Taking Apart Top of the Marketing Funnel

Taking Apart Top of the Marketing Funnel

The marketing funnel or conversion/purchase funnel is a well-known marketing model that content marketers are familiar with and use in some shape or form.

What I want to talk about in this post are multiple levels of the first part of the funnel and how to organize your blog content in such a way that you lead more people to the middle of it. If you're a SaaS content marketer, read on 😀

Starting with the basics

Here's our basic model:

Basic funnel

The first stage or the awareness stage talks about searching for information.

If you're into B2B SaaS, you may want to look at it from the perspective of Pirate Metrics. In that AAARRR case, you'll need to have the Acquisition phase in mind.

Regardless of the metric model you're used to, the principles I'll write about remain the same. The purpose of the top of the funnel content is to reach enough people and get them to explore other pages deeper in the funnel, e.g. Features/Case studies/Docs/Pricing.

Getting started with content? Just start your blog!

After reading so much about the theory of the customer journey and the marketing funnel, you may think that you need more than just a few things to start your content marketing journey. The truth is that the earlier you start, the better.

In reality, you can accomplish a lot of things with blog content only, without organizing webinars, preparing case studies, or doing podcasts. You can drive your customers through all the stages effectively if you understand your audience well enough.

The core of an effective content marketing strategy is an efficient blog that pushes content on a weekly basis, and everything else is nice to have. You don't need to grow your newsletter in the first week of your content marketing journey. Make sure you have a performant blog, and add things around it over time.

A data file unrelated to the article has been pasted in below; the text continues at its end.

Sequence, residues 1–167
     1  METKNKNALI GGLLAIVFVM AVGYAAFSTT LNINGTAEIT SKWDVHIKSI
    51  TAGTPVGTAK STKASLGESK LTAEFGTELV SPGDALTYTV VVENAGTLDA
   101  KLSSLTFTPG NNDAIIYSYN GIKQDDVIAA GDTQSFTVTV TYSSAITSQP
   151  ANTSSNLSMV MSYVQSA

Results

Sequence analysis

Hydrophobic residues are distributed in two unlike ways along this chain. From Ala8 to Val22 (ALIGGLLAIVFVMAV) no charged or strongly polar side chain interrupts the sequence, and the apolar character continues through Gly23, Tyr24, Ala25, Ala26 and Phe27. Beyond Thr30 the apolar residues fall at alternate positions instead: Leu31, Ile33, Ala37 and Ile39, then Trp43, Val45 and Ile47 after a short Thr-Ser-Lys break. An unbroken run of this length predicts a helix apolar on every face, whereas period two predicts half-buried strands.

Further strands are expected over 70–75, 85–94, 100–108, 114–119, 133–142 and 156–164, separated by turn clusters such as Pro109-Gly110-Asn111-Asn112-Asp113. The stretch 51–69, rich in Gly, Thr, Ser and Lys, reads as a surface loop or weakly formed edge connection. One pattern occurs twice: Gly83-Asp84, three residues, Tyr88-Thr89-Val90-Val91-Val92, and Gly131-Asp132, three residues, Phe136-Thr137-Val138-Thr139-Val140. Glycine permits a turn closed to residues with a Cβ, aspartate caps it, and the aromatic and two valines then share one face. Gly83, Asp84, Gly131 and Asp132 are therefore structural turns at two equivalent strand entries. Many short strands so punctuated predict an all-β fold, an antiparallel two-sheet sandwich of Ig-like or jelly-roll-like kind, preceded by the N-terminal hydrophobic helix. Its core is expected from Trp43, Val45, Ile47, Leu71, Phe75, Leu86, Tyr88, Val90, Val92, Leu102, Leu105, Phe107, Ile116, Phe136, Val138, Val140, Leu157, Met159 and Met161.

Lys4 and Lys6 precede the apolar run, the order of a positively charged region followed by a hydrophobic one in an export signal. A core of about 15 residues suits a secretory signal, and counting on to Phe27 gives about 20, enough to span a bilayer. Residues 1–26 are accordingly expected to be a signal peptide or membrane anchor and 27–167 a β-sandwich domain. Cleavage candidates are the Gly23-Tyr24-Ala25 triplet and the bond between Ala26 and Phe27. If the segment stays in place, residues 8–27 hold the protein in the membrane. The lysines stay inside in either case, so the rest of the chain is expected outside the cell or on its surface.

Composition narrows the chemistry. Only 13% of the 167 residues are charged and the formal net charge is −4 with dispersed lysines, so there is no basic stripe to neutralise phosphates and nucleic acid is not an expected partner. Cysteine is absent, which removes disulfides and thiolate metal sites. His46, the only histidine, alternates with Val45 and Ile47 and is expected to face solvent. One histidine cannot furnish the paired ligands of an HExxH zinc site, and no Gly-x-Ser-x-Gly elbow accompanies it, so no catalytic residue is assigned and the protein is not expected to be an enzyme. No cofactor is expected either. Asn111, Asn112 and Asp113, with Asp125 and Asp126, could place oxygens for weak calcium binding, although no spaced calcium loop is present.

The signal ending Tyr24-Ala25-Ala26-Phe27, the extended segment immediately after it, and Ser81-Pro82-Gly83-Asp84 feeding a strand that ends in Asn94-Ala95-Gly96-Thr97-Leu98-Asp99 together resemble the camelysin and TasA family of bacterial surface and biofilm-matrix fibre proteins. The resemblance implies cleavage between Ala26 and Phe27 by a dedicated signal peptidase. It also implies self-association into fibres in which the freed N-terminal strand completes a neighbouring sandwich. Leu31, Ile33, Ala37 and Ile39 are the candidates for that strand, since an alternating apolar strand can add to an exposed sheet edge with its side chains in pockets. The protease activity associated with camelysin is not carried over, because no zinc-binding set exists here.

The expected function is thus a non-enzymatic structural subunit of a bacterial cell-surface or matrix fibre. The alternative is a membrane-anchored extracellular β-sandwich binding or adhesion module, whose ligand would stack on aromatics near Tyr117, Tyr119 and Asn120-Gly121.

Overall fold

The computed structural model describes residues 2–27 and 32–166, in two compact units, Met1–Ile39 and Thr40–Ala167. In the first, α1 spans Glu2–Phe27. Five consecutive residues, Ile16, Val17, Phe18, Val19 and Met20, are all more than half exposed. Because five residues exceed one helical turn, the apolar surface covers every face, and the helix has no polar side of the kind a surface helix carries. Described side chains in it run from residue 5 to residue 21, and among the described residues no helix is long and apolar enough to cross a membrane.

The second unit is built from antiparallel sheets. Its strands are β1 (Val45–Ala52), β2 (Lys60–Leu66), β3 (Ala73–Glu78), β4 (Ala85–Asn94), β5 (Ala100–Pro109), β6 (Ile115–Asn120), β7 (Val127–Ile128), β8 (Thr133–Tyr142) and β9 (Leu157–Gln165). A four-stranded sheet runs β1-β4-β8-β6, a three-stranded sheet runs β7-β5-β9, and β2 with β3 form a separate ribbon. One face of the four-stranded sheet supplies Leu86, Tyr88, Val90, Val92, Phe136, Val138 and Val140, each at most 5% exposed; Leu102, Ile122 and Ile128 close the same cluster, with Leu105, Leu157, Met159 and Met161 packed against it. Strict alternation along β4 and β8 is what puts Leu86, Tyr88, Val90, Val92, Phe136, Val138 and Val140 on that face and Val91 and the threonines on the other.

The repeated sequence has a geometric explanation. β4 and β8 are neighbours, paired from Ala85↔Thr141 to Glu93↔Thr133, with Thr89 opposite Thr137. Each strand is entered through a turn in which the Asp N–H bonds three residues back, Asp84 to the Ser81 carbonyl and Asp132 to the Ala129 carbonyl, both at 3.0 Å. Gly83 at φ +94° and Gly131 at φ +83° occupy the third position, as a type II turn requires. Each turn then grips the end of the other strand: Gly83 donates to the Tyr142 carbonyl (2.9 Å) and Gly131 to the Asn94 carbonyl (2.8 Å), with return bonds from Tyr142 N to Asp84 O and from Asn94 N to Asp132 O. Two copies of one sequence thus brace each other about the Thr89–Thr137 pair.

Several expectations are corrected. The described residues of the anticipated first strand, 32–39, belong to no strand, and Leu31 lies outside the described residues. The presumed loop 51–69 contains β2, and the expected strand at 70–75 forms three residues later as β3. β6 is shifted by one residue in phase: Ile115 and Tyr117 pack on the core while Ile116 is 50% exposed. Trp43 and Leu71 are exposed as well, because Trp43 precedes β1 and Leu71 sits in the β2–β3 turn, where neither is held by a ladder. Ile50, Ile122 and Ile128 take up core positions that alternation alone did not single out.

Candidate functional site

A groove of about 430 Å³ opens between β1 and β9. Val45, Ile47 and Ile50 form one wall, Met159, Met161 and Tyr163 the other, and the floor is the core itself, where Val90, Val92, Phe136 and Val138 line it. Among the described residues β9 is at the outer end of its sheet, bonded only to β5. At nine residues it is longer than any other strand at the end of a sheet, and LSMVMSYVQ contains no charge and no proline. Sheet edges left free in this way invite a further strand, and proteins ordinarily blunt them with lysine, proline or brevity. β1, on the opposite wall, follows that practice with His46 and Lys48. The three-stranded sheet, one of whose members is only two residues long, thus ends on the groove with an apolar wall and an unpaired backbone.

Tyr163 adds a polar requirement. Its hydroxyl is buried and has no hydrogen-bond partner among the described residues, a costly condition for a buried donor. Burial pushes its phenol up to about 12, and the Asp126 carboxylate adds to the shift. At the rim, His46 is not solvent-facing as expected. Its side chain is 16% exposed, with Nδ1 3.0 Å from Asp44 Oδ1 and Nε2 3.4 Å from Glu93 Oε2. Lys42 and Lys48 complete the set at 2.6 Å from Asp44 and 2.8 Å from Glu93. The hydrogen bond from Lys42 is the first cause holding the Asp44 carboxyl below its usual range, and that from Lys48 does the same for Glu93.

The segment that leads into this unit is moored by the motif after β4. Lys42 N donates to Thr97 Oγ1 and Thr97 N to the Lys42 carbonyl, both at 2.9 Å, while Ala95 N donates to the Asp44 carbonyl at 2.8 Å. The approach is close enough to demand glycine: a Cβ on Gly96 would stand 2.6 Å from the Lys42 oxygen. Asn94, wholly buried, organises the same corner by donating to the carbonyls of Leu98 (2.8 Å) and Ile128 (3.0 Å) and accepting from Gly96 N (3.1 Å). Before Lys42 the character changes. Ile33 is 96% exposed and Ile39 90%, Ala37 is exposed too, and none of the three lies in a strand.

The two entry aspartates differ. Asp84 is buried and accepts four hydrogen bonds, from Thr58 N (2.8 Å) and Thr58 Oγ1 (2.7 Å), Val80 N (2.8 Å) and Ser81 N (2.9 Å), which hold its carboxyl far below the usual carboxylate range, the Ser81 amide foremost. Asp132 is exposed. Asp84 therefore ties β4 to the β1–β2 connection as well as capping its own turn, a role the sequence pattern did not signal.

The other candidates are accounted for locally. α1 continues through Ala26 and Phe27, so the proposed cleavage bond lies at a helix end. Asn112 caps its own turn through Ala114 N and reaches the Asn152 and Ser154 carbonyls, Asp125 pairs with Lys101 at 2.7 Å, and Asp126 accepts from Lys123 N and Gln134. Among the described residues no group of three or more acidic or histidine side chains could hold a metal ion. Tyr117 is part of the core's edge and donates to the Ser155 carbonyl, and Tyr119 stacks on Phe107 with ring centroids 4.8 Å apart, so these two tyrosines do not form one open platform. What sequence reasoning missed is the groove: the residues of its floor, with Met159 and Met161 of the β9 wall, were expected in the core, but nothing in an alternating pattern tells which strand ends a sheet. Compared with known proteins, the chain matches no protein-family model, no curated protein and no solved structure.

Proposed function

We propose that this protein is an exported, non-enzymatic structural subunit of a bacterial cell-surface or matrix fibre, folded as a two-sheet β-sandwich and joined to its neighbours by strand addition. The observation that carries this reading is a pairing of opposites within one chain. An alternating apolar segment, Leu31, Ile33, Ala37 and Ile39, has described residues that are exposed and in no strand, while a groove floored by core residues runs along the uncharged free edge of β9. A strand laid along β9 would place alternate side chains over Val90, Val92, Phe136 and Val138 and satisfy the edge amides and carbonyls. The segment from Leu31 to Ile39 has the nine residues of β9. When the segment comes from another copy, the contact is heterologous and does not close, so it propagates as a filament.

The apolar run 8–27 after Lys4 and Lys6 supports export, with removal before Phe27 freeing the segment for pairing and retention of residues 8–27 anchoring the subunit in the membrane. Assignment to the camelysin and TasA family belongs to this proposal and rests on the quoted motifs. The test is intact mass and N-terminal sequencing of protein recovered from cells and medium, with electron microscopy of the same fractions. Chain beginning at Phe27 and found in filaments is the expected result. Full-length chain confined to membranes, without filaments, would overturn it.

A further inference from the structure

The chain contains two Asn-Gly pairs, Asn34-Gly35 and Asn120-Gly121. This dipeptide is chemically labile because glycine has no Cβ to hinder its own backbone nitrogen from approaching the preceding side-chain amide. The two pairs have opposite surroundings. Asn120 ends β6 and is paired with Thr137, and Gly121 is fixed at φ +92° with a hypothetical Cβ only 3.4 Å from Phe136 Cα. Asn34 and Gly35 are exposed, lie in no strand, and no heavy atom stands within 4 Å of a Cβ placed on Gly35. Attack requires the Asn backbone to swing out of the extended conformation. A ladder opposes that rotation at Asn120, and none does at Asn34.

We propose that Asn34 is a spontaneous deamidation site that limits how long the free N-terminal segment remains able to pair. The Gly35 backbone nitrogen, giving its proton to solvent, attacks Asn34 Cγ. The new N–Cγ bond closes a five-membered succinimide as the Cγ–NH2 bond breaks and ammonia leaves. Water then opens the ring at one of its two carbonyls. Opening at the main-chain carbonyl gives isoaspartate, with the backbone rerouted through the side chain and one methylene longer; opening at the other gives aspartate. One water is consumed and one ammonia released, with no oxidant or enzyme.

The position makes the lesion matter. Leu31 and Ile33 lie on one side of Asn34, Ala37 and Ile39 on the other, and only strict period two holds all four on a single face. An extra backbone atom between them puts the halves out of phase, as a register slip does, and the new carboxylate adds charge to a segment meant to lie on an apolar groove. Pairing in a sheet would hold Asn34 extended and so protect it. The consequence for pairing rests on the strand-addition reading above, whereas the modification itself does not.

Multiple stages of the Top of the Funnel

One of the most common mistakes people in content make is that they produce general content for their target audience and consider that to be enough to cover the top of the funnel. From there, they go heavily into mid-funnel stuff and expect potential buyers to follow them.

How I see the top of the funnel is a bit different. I'd split it into 3 parts:

  1. Absolute top of the funnel
  2. Top of the funnel
  3. Almost middle of the funnel

Screen Shot 2022-03-13 at 16.30.29.png

Absolute top of the funnel

I've noticed that people tend to push a lot of the content in this area. Anything that would be of interest to their audience, they want to have it covered on their blog. However, this is a really big net to cast, and you may reach a lot of potential customers with it, but guiding them down the funnel may be more difficult.

These topics are often very generic and covered by thousands before.

To speak in examples, if you are working on a SaaS that's being used by developers, you'd want to write about "New ways of using Git".

This may be a topic of interest for any developer out there since Git is a tool used by all types of developers worldwide. Since it's so far-fetched from your product, it's highly likely that the reader will just be interested in what you have to say there and that they will just drop off from your website without any desire to learn more about you and your service.